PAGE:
There’s been plenty of interesting research and news stories on the gig economy and related topics n recent weeks. Instead of sharing the latest debates over Uber of AirBnB, let me point to two new resources that take a deeper dive into the issues:
- Global Coworking Forecast: A new study from GCUC (the Global Coworking Unconference Conference) attempts to get a grip on the size of today’s global coworking market. The short answer is that it’s mighty big. GCUC surveys estimate that, around the world, around 1.74 million people are working in more than 14,000 coworking spaces. The market is expected to continue booming, with annual growth rates projected at 16.1 percent. Future growth projections are based on the assumption that more traditional corporations will use cowork spaces as part of their own office networks. You can download the full report at the GCUC website; email address is required for download.
- UK Parliamentary Study of the Gig Economy: Earlier this year, the British Government commissioned a major study of the gig economy, known as the Taylor Report, a useful guide to new ways of working. This new Parliamentary committee report, A Framework for Modern Employment, moves beyond data to make important policy recommendations. The basic themes focus on providing clearer direction on the definition of a worker vs. a self-employed freelancer. It recommends that once a company reaches a certain size threshold (which is not yet defined in law), its employees should be defined as a worker (and eligible for benefits) by default. It also offers a number of other suggestions that will clarify when someone is a full-time worker and when they are a self-employed gig economy worker. These include require companies to justify why certain personnel (or classes of workers) are deemed as gig economy workers.
While this new report leaves many open questions, British policymakers are at least trying to grapple with the policy and legal challenges around new ways of working. Here in the US, few policy makers (with the exception of Sen. Mark Warner and a few others) are even talking about these issues. It’s time for a more serious debate and discussion.
America’s rural regions often have a tough time developing home grown talent. Because these places are smaller with a smaller absolute number of employers, they often lack the diverse array of internships, externships, and other career-building opportunities that are common in larger urban areas. As a result, younger rural residents (or adults) may not get the full range of career-building opportunities available to their urban or suburban counterparts. Ivy Love, a researcher at New America, presents what I think is an excellent idea for addressing this challenge: Apprenticeships! This work-based learning approach is more typically considered in sectors like construction or manufacturing, but there’s no reason why it can’t be applied more broadly. Under Love’s proposal, workforce development agencies would deploy their apprenticeship funds to help support salaries for people working in host of sectors, such as insurance, healthcare, finance, IT and many more. This broader take on apprenticeships offers many benefits. Younger workers get career training, firms get new workers and new ideas, and the companies provide essential services to their rural communities as well. As Love notes, this step can happen today under current law–all that’s needed is a willingness to try new approaches. This is an excellent idea that can take the popular concept of apprenticeships and make them applicable and attractive to a wider range of communities and industries.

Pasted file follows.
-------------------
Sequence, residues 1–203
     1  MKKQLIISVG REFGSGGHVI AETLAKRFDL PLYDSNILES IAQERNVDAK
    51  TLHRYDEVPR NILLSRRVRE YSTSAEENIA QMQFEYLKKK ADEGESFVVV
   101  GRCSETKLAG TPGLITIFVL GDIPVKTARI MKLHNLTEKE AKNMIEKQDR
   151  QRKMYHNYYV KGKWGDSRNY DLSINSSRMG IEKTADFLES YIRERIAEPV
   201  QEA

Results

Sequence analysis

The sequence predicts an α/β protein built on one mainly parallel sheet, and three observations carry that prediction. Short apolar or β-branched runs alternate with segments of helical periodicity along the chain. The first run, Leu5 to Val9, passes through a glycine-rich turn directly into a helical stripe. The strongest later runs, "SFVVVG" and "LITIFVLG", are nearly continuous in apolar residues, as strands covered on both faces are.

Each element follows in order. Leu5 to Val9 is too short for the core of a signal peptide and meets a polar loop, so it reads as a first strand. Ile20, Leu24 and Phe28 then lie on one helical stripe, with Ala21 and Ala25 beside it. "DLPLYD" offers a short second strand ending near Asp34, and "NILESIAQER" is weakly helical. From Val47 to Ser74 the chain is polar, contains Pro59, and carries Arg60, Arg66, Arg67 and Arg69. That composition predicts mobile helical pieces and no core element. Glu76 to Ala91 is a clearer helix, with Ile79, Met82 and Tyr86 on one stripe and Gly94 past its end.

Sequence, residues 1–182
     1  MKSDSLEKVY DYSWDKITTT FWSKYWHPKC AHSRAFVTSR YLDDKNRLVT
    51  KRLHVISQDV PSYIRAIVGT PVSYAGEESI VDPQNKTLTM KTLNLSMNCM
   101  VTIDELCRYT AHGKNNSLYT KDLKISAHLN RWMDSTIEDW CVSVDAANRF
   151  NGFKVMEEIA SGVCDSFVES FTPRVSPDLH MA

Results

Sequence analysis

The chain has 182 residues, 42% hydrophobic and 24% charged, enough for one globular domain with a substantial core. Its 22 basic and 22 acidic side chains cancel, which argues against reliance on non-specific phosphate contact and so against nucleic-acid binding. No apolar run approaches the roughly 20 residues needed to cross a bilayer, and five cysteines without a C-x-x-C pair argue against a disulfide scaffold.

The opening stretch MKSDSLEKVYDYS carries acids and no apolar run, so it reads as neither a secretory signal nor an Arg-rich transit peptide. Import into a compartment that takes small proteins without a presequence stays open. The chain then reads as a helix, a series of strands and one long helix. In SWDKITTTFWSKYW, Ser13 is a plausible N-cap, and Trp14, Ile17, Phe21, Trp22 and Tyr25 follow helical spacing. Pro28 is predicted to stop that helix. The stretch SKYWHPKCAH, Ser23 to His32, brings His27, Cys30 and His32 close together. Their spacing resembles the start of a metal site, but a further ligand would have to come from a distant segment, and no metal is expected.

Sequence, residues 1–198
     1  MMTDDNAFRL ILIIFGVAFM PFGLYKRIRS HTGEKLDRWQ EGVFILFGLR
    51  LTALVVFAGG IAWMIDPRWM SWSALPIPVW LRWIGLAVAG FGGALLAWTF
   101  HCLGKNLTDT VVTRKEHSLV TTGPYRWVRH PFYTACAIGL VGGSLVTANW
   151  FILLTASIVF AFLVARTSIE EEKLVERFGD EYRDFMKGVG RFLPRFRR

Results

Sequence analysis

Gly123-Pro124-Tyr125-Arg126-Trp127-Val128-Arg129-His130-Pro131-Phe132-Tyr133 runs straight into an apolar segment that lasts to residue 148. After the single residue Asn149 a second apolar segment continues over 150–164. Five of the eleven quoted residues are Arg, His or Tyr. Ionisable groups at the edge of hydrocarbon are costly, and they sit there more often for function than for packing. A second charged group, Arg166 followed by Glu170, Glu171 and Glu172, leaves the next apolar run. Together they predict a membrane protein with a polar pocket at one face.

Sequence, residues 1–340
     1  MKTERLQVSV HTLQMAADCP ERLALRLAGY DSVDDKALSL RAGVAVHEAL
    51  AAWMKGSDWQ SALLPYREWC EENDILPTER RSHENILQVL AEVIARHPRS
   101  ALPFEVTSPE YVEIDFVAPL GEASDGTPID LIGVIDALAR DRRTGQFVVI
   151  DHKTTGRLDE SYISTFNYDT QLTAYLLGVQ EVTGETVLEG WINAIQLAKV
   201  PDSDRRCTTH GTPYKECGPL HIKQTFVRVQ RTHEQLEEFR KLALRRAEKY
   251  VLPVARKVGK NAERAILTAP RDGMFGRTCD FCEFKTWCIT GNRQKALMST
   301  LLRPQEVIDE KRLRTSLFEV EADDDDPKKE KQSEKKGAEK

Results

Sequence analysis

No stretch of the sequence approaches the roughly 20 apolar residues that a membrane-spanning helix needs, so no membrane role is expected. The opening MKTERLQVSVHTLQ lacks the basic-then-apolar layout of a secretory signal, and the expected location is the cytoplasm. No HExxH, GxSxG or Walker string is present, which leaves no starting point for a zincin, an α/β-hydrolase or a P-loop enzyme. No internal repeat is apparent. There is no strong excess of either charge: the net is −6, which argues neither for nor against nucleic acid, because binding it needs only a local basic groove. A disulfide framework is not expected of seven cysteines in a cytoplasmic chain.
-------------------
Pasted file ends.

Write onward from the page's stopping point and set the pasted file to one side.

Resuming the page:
Yesterday, I participated in a fascinating workshop from the folks at the Innovation Growth Lab. If you don’t know this group, you should get acquainted. They are UK-based and affiliated with Nesta, but have hosts of global partners including the Kauffman Foundation here in the US. Their mission is to bring a more scientific and rigorous approach to understanding what works in innovation policy. Our workshop focused on this topic and how to set up small experiments to test different approaches to innovation policy and business support programs. In addition to working with policymakers, they sponsor and promote research, including an interesting symposium here in DC this week. If you want to dive deeper, I’d suggest attending their big annual gathering which will be held this year in Boston from June 12-14. I can’t say that the current environment in DC is especially currently conducive to the use of science to make public policies more effective, but that doesn’t mean that we shouldn’t keep trying!! Thanks to IGL, we can learn what’s working from around the world and find ways to act on these lessons.